Lately I’ve been shoveling down my meals, aware of the nutritional components within but giving no attention to taste, texture, temperature, etc. Unless I’m eating something indisputably awful (which occasionally happens given my “what in the refrigerator needs to be used today” style of meal planning). What’s up with my food attitude?


I say “lately” but I think this indifference has been going on for some time. Oh, I have my little pockets of comestible bliss- -savoring a Nu-Go dark chocolate pretzel bar at a rest stop midway through a cross-state drive, for instance.

Under the right circumstances, a moment of food attitude bliss can be had with a Nu-Go bar!


You make it sound like an endurance contest.


That’s a fairly apt description, Lily. About three years ago, not long after Bruce died, I realized I wasn’t eating enough. This had been going on for about a month, from the time we received his prognosis, and to and beyond the 24/7 week of home hospice. Too much to stay on top of- -meds, turning him in the bed, watching for signs of the inevitable. For me, little food and minuscule amounts of  sleep.


To analyze the depth of what I’d come to recognize as a problem, I started tracking my daily caloric intake on an Excel spreadsheet. Good thing I did- -some days I was eating less than 1,400 calories. Sometimes I was completely baffled by the question What do you like to eat?


Graham crackers with peanut butter!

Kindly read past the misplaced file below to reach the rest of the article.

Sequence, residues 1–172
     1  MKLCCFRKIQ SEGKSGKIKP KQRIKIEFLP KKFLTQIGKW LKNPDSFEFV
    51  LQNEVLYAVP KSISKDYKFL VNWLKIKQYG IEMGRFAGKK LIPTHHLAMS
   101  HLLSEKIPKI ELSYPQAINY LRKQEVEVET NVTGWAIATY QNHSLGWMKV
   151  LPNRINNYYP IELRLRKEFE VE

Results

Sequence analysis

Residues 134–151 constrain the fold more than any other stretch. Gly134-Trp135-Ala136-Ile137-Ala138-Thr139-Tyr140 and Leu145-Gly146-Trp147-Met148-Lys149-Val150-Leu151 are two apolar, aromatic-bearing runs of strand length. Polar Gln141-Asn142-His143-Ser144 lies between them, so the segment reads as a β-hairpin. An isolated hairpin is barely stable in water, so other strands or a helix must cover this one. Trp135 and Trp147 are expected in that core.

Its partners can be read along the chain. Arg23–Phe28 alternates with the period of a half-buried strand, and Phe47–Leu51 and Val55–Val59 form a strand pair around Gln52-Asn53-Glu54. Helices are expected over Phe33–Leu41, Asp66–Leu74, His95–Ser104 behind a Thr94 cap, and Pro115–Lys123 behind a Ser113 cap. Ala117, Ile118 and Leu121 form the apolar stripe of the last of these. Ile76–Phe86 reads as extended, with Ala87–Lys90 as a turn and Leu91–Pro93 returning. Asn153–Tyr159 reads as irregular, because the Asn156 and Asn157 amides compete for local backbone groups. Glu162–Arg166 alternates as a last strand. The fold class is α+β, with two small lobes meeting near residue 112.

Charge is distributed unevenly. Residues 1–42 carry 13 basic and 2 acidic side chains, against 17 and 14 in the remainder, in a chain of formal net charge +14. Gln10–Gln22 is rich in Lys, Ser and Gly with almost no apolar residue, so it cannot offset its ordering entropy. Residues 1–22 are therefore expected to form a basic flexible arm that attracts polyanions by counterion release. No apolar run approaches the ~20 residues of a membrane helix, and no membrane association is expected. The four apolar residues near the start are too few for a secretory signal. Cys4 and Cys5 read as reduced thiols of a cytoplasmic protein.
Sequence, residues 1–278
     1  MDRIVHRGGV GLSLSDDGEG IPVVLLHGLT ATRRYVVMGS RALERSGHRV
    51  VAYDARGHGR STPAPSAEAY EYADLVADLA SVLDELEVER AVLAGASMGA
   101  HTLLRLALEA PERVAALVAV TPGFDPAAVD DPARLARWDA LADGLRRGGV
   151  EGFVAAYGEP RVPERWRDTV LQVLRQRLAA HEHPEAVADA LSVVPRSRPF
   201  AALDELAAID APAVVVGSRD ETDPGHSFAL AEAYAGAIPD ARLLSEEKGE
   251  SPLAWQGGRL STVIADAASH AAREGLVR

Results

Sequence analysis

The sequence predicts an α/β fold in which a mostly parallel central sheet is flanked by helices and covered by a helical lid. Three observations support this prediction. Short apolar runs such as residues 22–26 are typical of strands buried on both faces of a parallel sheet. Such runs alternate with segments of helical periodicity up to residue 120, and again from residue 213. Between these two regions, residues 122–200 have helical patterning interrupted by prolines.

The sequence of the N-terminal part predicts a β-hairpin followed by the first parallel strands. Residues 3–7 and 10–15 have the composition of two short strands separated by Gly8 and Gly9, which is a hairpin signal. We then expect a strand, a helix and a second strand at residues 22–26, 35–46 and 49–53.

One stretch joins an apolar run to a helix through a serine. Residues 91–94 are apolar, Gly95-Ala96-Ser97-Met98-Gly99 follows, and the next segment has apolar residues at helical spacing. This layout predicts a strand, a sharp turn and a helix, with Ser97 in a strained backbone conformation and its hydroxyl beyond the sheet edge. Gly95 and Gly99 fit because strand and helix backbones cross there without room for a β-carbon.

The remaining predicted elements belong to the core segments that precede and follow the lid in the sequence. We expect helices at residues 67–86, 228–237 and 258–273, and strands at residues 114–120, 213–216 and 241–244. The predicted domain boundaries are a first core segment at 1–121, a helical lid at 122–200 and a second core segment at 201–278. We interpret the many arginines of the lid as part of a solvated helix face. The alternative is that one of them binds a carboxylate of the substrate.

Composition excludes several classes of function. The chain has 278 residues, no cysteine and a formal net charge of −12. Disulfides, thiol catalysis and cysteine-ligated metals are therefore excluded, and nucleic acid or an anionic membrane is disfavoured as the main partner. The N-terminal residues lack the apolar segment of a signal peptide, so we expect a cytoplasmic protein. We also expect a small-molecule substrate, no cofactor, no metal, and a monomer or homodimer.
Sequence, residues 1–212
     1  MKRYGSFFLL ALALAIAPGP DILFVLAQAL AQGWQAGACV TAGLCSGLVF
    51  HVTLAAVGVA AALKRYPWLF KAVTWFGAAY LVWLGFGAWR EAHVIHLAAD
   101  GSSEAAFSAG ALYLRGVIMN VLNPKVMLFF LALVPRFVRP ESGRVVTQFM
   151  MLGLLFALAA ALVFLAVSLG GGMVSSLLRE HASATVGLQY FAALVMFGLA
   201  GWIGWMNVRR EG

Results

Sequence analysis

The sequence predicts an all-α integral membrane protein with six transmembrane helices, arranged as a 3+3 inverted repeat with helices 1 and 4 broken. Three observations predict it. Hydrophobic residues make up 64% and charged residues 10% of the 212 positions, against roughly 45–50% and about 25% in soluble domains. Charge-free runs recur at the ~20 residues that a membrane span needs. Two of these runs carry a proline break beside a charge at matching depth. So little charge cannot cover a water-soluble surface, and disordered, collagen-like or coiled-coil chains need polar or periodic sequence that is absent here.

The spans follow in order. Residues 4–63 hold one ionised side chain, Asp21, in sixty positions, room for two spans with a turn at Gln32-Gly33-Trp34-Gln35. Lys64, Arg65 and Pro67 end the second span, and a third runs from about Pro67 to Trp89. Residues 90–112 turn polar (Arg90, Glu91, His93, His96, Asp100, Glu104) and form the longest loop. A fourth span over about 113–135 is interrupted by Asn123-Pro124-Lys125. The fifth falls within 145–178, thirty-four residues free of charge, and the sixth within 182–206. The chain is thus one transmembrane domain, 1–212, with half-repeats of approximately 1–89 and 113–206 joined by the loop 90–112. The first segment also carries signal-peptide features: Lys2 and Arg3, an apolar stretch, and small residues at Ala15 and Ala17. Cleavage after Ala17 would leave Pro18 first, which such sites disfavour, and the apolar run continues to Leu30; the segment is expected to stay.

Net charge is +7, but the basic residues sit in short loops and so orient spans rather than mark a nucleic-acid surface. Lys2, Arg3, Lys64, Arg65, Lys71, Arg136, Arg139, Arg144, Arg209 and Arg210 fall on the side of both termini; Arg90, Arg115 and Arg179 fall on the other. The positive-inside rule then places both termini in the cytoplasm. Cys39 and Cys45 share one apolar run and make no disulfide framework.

A good choice, 9, and one that involves almost no prep or clean up. Which was another thing. Bruce had done most of the cooking, especially dinners. Why? Partly because he liked to cook, but partly because when I cooked he never thought there was enough in the meal. I’m not big on starches; he definitely was. Plus, I’m the sort of person who can work through regular mealtimes and miss them without noticing or caring. He was not. He did the cooking and I did the cleanup, a fair trade. After he’d gone, I quickly discovered just how out of practice my cooking had become.


I’m a fan of systems. Decades ago- -at age eleven and 20+% over a healthy body weight for my age, height and frame size- -I joined Weight Watchers. How I got there is a story in itself, ignited when my best friend in seventh grade hurt my feelings one time too many. In fact, I’ve written an unpublished middle-grade novel in which that whole experience is a pivotal event.


I remember that.


I’m sure you do, Lily.


Who’s our best friend in seventh grade?


The same one you have now, 9. You know how she is- -she wasn’t trying to be mean, she was trying to push me to do something that she thought would, ultimately, be good for me.


And it was. Not only did I lose the unhealthy 25 pounds; after eight months of consistent, gradual effort I had retrained my eating habits. These have pretty much stayed with me, freshman year of college excepted (ah, the lure of an all-you-can-eat ice cream sundae bar in the dining hall!). The Weight Watchers system has changed to “points” since those days but when I learned it, it was based on food “exchanges,” dietary guidelines for diabetics, more or less. I’m habitually aware of how many fruits, how many vegetables, how many portions of dairy, grains, starches, proteins and fats I consume each day.